Data privacy clearly matters to consumers, even though just over a third (37%) don't actually know what specific data is used, stored, and accessed by organisations. Nonetheless, close to two in three (64%) said they would pay more for a company or third party to keep their information safe an increase on the 44% who said the same in a similar OpenText survey conducted in March 2020. 

This is perhaps unsurprising given that just one in six Aussies (17%) have complete trust in all the organisations they interact with to keep their data safe while almost half (49%) trust the ability of some companies. Importantly, of course, loyalty depends on trust. 

Once a customers trust is broken, so too is their loyalty to a brand. More than a third of consumers (37%) would no longer use or buy from a company they were previously loyal to if it failed to respond to a privacy access request under the Australian Privacy Act including among others the right of access, the right of rectification and the right of erasure while almost half (48%) would no longer use or buy from a company if it shared their personal data with third parties for anything other than its specified purpose.

A growing awareness of the laws surrounding data privacy and protection means businesses cant afford to play fast and loose with consumers data. Almost three in five (58%) Australian consumers say they have a vague idea about data privacy laws a significant increase on the 34 per cent at the start of the pandemic.

Interestingly, however, the number of Aussies who profess to being very aware of the laws that protect their data privacy has decreased over the last couple of years from 36 per cent in early 2020 to 30 per cent in 2022. This suggests that, while there may be better general knowledge around data privacy laws, more education is required around specific rules and regulations.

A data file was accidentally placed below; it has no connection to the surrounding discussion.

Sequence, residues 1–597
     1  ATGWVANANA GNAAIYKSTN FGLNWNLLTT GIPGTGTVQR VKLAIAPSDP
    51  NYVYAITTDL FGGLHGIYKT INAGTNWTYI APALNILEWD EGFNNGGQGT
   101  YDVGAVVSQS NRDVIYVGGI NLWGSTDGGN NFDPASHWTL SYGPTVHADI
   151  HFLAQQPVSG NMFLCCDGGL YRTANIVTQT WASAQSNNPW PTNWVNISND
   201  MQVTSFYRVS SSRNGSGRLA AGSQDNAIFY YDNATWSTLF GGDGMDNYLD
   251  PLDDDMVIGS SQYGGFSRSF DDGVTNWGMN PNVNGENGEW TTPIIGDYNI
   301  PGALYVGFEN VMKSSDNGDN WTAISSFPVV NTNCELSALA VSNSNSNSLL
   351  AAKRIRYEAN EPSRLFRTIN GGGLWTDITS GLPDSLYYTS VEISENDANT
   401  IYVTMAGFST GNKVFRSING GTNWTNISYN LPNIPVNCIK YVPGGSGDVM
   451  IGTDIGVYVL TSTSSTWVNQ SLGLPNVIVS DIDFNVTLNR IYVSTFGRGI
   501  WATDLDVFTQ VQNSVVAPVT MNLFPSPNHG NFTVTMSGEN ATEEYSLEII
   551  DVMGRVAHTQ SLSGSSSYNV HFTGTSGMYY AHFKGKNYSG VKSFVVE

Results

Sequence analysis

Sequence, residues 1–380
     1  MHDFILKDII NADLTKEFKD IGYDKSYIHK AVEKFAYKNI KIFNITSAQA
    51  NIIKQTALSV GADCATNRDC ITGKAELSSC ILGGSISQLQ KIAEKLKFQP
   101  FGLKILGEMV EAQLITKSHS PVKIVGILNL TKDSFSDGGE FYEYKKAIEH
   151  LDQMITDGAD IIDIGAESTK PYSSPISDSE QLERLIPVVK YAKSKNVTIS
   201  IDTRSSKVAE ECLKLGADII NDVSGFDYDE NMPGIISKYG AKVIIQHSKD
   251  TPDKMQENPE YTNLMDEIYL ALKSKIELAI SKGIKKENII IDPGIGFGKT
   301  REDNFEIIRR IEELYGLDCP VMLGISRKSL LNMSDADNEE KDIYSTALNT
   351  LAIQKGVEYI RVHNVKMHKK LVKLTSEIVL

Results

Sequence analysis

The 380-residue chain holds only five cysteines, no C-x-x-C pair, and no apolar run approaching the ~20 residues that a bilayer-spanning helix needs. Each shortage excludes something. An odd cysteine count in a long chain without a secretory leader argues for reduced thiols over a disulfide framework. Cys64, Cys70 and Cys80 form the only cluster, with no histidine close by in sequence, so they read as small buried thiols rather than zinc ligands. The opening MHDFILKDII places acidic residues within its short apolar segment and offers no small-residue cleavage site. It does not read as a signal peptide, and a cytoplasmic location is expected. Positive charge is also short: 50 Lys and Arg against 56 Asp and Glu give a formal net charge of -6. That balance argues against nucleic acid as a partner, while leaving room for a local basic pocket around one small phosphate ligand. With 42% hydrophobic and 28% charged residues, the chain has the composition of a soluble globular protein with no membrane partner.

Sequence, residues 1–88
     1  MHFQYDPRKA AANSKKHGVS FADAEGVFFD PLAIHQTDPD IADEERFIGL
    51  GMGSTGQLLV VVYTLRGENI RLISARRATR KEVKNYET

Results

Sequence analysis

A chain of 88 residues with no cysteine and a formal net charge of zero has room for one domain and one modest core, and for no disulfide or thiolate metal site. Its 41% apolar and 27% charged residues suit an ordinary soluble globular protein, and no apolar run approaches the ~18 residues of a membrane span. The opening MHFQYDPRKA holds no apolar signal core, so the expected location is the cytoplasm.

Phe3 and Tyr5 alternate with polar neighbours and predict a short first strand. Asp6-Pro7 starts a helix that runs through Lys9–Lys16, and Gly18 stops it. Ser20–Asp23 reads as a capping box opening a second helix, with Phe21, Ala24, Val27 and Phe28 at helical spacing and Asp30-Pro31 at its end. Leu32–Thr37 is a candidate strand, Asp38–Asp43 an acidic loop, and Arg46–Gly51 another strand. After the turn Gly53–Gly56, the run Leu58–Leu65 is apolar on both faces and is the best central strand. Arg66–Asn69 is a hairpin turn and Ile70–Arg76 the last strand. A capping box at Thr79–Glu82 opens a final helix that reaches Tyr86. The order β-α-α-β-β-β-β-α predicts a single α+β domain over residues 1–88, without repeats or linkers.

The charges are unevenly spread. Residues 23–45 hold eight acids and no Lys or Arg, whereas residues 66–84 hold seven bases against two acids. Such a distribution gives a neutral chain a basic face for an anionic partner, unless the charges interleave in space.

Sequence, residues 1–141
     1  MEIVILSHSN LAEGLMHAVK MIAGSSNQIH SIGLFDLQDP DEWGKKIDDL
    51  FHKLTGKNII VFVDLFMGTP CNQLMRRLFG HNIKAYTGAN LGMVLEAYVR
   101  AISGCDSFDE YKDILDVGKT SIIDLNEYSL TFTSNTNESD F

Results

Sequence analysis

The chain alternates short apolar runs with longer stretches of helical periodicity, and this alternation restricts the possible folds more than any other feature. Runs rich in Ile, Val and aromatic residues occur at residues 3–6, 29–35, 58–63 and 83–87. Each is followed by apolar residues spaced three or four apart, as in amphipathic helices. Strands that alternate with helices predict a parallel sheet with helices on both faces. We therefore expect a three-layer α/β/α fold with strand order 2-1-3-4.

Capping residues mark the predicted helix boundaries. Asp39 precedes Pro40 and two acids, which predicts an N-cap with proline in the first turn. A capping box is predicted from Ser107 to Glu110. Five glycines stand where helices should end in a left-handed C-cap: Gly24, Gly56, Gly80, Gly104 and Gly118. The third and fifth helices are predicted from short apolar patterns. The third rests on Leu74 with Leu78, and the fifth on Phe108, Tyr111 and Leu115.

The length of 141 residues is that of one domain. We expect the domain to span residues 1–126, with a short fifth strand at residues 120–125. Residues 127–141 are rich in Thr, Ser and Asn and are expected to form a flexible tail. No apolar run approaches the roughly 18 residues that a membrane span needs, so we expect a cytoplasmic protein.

Encouragingly, and perhaps prompted by this growing awareness and, indeed, the lack of trust in organisations, three in four (76%) consumers know how to keep their data secure on the apps, email accounts, and social media accounts they use. Despite this, though, only one in three (32%) will regularly check to ensure they are following best practice for keeping their data private and secure, e.g. switching on privacy settings, turning off geolocation, etc.

"Customer loyalty is paramount in modern business and its clear data privacy and protection goes a long way in ensuring that loyalty," adds George Harb, Vice President Australia and New Zealand at OpenText. 

"Organisations can ensure data protection effectively with the use of Enterprise Information Management solutions that aid businesses with their compliance requirements.

"Businesses need to foster an integrated, data-centric approach to information governance and privacy management by leveraging discovery and classification tools to mitigate risks associated with the way they handle privacy and sensitive data and securing content with stronger classification and retention capabilities," he says. 

"In today's post-pandemic world, organisations must unlock their information advantage, to protect their customers information and, in doing so, allay their concerns and retain their trust."